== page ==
The mood and atmosphere is much more fitting for a sequel. The updated camera gear allows Blair Witch to have a much more polished feel than The Blair Witch. But without compromising the authentic feel that it’s going for. The actual addition of Blair Witch making an appearance also adds a lot for me.

The acting is dicey at times, but manages to hold it together enough to not be distracting. At times James and Lane actually border on being human. Though my favorite character performance is actually Talia. Going through a wide range and her hunger when she comes back to camp comes off as incredibly genuine.

Final thoughts, I enjoyed this movie. Blair Witch is a horror film that builds on itself. With a slow start and strong finish Blair Witch is a great horror film. Though it is predictable in the sense if you’ve seen the original or at least have a strong understanding of it you’ll know how it’s going to end. I liked this film, but I like found footage films. 7/10

I Was a Teenage Wereskunk

i_was_a_teenage_wereskunk_ver2I have a soft spot for horror send-ups. I Was a Teenage Wereskunk being a blatant send-up of all the 1950’s I Was a Teenage films and Wereskunk does try to pay due homage. Though it’s silly tone and forced comedy miss the mark as often as it hits it. Though I do love its up beat charm and commitment to being as campy as possible. Being partially funded by a Kickstarter does a lot in my book.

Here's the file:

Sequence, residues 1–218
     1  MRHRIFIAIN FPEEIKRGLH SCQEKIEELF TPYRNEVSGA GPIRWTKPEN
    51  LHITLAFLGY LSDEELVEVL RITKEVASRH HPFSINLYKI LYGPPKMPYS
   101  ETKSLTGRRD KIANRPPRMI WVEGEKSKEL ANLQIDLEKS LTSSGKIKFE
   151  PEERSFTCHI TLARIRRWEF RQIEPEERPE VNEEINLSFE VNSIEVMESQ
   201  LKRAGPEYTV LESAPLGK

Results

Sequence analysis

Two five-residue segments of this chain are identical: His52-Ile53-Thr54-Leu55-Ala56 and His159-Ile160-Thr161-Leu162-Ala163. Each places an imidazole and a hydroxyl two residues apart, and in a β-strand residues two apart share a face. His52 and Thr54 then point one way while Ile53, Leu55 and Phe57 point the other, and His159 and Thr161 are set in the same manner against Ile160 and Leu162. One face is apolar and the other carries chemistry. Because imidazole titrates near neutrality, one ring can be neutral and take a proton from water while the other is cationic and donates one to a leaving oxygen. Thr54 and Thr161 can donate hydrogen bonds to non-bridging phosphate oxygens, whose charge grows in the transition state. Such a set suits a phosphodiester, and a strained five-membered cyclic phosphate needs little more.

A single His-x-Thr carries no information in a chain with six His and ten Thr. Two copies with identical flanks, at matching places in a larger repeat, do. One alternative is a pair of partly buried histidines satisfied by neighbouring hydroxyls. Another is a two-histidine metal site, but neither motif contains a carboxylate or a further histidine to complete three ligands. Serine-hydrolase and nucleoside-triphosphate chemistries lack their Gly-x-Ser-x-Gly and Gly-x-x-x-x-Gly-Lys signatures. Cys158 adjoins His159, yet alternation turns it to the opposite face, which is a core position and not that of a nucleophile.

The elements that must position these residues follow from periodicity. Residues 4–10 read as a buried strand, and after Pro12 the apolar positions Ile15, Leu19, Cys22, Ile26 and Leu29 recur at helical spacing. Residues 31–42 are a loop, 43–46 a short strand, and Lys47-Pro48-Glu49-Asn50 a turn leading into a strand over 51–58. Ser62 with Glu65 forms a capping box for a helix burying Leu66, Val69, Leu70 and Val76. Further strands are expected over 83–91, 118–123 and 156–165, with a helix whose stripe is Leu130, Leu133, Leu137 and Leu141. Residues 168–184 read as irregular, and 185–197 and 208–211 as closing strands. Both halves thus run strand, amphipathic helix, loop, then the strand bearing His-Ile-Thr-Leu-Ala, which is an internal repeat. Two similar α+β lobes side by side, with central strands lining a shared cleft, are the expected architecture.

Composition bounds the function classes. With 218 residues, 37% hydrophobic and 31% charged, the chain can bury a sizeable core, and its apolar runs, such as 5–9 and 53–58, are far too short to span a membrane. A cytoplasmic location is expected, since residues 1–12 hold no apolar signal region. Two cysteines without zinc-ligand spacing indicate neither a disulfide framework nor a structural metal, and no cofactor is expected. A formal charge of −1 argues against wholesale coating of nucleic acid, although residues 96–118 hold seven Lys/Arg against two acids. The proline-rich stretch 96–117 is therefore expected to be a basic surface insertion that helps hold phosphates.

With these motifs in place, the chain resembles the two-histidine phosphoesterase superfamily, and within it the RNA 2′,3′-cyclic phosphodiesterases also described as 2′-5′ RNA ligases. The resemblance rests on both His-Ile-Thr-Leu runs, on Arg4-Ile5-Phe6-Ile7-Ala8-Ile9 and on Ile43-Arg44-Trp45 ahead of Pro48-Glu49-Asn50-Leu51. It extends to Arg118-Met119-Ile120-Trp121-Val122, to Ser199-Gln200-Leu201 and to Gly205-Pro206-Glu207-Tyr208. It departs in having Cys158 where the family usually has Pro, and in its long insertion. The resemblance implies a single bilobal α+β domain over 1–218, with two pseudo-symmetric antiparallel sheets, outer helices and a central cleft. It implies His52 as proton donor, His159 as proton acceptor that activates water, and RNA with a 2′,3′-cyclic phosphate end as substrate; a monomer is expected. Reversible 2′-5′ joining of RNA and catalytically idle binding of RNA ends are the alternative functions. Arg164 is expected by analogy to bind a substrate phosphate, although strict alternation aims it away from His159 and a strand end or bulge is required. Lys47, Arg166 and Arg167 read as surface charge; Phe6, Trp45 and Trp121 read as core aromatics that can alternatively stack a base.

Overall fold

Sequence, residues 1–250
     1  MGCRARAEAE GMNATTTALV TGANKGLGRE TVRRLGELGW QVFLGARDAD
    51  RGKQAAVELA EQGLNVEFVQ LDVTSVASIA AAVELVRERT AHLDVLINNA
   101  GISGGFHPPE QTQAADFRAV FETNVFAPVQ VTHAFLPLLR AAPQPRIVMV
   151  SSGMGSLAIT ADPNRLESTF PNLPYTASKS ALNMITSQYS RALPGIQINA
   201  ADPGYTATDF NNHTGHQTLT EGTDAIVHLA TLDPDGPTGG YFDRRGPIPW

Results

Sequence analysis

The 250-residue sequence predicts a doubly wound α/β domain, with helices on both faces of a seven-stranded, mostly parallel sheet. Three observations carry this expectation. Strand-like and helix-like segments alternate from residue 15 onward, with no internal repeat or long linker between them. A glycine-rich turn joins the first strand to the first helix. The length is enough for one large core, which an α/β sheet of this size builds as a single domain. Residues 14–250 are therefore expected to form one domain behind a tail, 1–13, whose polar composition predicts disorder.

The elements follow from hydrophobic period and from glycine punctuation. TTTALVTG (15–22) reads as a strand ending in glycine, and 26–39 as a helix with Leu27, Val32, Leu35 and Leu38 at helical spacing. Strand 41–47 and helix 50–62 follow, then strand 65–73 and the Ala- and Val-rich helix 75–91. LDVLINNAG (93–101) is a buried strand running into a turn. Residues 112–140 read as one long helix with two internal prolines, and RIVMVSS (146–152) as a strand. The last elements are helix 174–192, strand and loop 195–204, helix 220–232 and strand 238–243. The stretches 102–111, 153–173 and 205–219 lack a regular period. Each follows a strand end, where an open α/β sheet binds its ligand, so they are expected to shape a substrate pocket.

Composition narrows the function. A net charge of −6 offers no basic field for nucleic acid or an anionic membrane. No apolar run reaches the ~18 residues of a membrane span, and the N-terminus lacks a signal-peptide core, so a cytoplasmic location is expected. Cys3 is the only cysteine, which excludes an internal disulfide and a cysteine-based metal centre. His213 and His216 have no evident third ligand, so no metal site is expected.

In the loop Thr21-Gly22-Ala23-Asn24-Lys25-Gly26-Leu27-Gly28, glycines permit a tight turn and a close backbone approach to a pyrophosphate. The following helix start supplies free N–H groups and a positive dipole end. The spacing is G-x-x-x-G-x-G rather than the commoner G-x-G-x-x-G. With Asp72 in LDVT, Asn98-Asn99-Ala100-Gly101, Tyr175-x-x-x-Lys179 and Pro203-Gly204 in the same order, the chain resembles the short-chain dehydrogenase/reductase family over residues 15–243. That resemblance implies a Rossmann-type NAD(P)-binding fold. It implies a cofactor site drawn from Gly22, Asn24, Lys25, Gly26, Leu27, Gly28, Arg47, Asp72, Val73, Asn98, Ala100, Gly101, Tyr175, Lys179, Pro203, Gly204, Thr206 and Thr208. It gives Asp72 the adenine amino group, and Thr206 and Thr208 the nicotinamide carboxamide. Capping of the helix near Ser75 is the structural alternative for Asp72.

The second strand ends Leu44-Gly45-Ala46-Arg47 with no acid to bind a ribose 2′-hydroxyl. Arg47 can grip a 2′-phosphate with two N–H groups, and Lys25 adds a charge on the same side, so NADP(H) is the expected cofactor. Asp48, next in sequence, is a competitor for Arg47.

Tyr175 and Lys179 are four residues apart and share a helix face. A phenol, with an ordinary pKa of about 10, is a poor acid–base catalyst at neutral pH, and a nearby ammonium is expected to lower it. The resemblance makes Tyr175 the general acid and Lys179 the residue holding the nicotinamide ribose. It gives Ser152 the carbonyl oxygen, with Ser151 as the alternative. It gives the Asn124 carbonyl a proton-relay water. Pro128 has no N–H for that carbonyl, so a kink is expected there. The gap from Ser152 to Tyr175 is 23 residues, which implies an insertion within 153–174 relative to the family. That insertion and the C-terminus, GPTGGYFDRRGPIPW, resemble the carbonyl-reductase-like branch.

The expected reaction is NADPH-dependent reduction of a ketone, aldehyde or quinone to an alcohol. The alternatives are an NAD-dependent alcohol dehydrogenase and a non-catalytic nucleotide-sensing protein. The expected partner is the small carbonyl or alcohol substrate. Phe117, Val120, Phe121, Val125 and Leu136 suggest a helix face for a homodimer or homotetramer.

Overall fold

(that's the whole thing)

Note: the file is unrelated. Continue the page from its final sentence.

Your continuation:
I Was a Teenage Wereskunk opens with a pair of lovers, Jerry (Jonathan Rossetti) and Sally (Christian Derup) parked up on lovers lane. When they get attacked by an unseen monster. The film then travels back to the day before and we meet our protagonist Curtis Albright (Scott Monahan), an awkward high school boy trying to figure out how to ask his long time friend Mary Beth (Shey Lyn Zanotti) to be his steady girl in the local diner. A copy of Jack Keroac’s On The Road hanging out of Curtis jacket pocket catches the attention of Finn Potter (Sean Cork), a local beatnik. Finn invites Curtis to hang out at a local bar the next night, to which he agrees. After walking Mary Beth home, but still being unable to ask her to be his steady, Curtis takes a moment to be a peeping tom and spy on Dr. Nancy (Dawn Brodey) as she changes in her home. While in a tree peeping, Curtis’s surprised by a skunk that sprays him, forcing him to run off as not to be discovered. He goes home and bathes in tomato juice hoping to get rid of the stench. But, it’s noticed by his parents Sheriff Albright (Charlie Farrell) and his Mom (Melanie Minichino). Though he pins the smell on the dog, and gets asked to take the dog to the vet. Who happens to be Dr. Nancy. At Dr. Nancy’s he becomes aroused when pressed against her cleavage as she shows him his dog pulse causing him to emit a stink, like that of a skunk. Causing him to leave in embarrassment. Though that’s just the beginning of the changes as when he becomes aroused Curtis becomes a Wereskunk and the victims really start piling up.